Veterans find success in specific depression therapy

Cognitive Behavioral Therapy for Depression reduced depression by 40 percent among veterans of all ages, says new study

An unidentified man is seen in the reflection of the Vietnam Memorial wall on Veteran's Day as he pays his respects.
Paul J. Richards/AFP/Getty

As Americans celebrated the contribution and sacrifice of veterans with speeches and marches across the country, a new study points to a hopeful new way of treating depression in former service members.

The therapy, Cognitive Behavioral Therapy for Depression (CBT-D), reduced levels of depression by about 40 percent in veterans of all ages, a Department of Veterans Affairs (VA) study released Monday found

CBT differs from other forms of psychotherapy, the study's author says, because it focuses on specific ways patients can change modes of thinking to positively affect their mood and outlook.

For the study, researchers broke 864 veterans into two groups: 100 over 65 years old and 764 between the ages of 18 and 64. The researchers found marked reductions in depression in both groups.

But a troubling trend threatens to hamper the delivery of mental health services: older service members tend to avoid seeking out mental health counseling, both for cultural reasons and because their doctors mistake symptoms of depression as simply signs of aging.

"Primary care providers have been shown to be significantly less likely to refer their older than their younger patients for specialty mental health care," the authors write.

Brad Karlin, one of the study's authors, said on Oxford University Press' blog that older individuals in general view psychological therapy much more negatively than their younger peers.

Seniors are three times less likely to seek out psychological help, Karlin said. But, according to a 2011 VA study, 11 percent of older veterans suffer from major depression.

"Older individuals, particularly those born around or before 1940, often hold negative views toward mental illness and mental health treatment, due to differences in how mental illness was conceptualized and treated in the first half of the 20th century when they grew up," Karlin said.

"Many older adults also grew up in a time when self-resilience and getting through difficult circumstances on one's own was important and emphasized."

Karlin said current Medicare policy also restricts seniors' access to mental health care. Now, Americans over 65 can only get a 50 percent reimbursement from the program for mental health care costs, while they are reimbursed 80 percent of costs for other ailments.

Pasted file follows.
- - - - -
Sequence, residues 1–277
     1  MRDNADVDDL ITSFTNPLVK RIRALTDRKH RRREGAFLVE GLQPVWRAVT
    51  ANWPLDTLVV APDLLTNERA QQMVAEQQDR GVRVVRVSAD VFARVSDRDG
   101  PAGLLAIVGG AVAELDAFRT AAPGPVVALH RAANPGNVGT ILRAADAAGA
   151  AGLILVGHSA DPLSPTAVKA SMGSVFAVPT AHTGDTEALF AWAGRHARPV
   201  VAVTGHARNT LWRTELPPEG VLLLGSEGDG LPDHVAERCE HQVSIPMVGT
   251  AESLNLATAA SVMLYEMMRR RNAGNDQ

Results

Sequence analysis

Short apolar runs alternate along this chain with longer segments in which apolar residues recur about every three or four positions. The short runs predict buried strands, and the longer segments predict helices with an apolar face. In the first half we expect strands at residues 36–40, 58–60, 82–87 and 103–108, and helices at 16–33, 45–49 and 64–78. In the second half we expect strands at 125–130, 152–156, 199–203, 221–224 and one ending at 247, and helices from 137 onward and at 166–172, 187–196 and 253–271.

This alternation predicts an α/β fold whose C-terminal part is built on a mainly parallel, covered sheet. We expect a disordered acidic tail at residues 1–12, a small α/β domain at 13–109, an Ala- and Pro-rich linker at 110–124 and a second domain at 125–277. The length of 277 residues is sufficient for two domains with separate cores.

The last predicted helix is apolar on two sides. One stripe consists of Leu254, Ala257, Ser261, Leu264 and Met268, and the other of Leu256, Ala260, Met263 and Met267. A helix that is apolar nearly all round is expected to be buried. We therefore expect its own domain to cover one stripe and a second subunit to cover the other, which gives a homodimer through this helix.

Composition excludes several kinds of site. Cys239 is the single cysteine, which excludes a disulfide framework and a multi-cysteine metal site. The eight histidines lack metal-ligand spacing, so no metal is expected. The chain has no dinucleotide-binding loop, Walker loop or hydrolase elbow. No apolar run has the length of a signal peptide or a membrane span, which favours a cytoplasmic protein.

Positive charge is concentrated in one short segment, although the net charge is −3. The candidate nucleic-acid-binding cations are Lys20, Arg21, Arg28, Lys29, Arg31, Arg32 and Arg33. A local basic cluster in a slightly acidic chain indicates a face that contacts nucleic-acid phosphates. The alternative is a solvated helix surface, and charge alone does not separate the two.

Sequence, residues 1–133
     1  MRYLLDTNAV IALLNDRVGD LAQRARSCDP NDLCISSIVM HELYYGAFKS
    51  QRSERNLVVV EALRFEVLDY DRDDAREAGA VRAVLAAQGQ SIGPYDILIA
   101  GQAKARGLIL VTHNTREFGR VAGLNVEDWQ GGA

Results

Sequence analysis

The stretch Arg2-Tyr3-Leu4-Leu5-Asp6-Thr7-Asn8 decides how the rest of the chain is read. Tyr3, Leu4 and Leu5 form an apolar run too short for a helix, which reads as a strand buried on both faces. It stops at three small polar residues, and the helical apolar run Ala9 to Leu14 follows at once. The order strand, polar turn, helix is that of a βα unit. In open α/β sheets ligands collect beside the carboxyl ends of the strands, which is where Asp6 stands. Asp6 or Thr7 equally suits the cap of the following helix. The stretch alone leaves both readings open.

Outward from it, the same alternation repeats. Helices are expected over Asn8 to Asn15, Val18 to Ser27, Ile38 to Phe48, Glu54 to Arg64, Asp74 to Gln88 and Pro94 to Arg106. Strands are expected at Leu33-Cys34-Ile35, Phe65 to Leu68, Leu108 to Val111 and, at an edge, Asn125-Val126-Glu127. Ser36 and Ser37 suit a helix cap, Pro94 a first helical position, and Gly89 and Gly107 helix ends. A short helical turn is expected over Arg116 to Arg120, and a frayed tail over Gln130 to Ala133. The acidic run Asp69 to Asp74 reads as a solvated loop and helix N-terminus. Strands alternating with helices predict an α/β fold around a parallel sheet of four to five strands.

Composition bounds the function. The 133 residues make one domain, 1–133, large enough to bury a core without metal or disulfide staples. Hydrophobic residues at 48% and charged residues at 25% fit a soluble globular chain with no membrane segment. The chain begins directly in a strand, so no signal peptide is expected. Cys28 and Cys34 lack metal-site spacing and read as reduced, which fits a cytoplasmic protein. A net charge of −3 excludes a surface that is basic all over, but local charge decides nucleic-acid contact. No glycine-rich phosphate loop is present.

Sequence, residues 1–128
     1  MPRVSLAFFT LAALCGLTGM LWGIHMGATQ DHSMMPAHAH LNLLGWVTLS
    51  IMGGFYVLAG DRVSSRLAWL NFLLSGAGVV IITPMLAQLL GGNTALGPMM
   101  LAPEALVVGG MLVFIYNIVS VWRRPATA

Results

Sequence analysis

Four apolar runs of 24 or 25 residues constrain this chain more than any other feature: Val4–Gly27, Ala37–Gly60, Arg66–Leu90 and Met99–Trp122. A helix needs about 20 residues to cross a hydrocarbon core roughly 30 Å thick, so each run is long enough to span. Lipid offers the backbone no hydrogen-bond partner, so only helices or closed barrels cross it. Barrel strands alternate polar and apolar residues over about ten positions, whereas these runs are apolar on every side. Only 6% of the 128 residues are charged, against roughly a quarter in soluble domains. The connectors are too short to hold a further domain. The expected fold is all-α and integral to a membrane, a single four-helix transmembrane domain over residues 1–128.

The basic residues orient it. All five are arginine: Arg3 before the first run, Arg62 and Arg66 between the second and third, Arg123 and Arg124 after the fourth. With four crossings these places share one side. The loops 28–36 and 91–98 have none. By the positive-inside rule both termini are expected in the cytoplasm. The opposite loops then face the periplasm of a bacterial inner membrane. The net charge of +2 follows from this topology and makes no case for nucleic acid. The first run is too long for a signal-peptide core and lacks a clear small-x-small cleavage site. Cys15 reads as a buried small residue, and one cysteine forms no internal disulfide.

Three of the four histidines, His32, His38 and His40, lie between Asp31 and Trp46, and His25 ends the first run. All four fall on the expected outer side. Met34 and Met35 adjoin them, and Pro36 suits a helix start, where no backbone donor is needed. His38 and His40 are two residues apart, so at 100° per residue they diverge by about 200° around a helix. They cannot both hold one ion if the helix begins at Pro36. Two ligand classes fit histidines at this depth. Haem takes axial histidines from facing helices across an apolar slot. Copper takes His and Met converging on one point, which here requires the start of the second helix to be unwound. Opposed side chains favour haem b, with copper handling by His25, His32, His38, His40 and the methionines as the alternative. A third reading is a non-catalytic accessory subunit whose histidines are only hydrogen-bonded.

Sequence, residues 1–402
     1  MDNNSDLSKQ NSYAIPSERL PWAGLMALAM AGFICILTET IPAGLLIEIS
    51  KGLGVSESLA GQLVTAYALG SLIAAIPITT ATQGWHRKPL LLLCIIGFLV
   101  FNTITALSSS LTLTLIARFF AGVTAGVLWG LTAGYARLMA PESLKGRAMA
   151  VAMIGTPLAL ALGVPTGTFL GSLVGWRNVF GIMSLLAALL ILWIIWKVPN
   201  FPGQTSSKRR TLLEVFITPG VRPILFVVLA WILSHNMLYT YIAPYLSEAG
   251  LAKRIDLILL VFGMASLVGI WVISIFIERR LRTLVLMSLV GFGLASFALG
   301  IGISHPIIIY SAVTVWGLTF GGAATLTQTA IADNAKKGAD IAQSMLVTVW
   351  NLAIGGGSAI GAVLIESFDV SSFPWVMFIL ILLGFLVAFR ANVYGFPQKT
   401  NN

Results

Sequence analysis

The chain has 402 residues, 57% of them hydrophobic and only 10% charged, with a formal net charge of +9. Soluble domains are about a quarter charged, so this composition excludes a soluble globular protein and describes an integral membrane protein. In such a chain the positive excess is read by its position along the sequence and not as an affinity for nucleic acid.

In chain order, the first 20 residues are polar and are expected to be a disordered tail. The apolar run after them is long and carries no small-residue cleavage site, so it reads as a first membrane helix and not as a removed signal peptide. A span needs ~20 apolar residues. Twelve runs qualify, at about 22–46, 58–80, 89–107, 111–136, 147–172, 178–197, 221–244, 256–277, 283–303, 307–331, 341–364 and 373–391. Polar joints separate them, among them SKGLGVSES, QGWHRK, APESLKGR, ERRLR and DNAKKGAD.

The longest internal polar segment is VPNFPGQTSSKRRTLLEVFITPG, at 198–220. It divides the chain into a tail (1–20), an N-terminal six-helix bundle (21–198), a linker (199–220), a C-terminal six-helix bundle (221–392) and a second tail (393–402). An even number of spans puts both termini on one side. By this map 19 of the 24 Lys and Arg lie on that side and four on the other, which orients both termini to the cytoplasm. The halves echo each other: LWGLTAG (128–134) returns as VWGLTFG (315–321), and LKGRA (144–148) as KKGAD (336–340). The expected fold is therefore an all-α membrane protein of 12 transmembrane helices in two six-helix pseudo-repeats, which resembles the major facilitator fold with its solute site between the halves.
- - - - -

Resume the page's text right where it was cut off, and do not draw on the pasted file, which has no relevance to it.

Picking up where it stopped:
But starting in January 2014, Medicare will start paying 80 percent  (PDF) of mental health care costs for seniors.

Karlin hails this as a great opportunity to treat more seniors and train more doctors to recognize and respond to mental illness in the elderly.

"We are closer than we have ever been to bridging wide and enduring gaps in mental health treatment for older adults," Karlin told OUP.

Meanwhile, new rules compel insurance companies to treat mental illness in the same way as they would physical ailments.

Former U.S. Army Sergeant Kristofer Goldsmith talks about his experience in Iraq, which led to his attempted suicide, during testimony before Congress in Washington, 2008.
Chip Somodevilla/Getty Images

RELATED: Study downplaying military suicide-PTSD link questioned

The steady annual increase in the number of military suicides following the U.S.-led invasions of Iraq and Afghanistan is often assumed to be caused by the trauma of combat. A Department of Defense study arguing against that link has recently come under scrutiny.

Read more here

Obama honors vets

As the military continues to grapple with a mental health crisis among service members and veterans, the nation honored those who have served and continue to serve for their country. President Barack Obama on Monday paid tribute to those who have served in the nation's military, including one of the nation's oldest veterans, 107-year-old Richard Overton.

"This is the life of one American veteran, living proud and strong in the land he helped keep free," Obama said during a ceremony at Arlington National Cemetery.

Overton rose slowly and stood to loud applause when Obama mentioned his name, then stood a second time at the president's request and drew more applause.

He was among hundreds attending the outdoor ceremony on a crisp, sun-splashed Veteran's Day. Earlier Monday, Overton and other veterans attended a breakfast at the White House.

Obama used his remarks to remind the nation that thousands of service members are still at war in Afghanistan. The war is expected to formally conclude at the end of next year, though the U.S. may keep a small footprint in the country.

Soon, "the longest war in America's history will end," Obama declared.

As the 12-year-old war draws down, Obama said the nation has a responsibility to ensure that the returning troops are the "best cared-for and best respected veterans in the world." The country's obligations to those who served "endure long after the battle ends," he said.

Al Jazeera and The Associated Press

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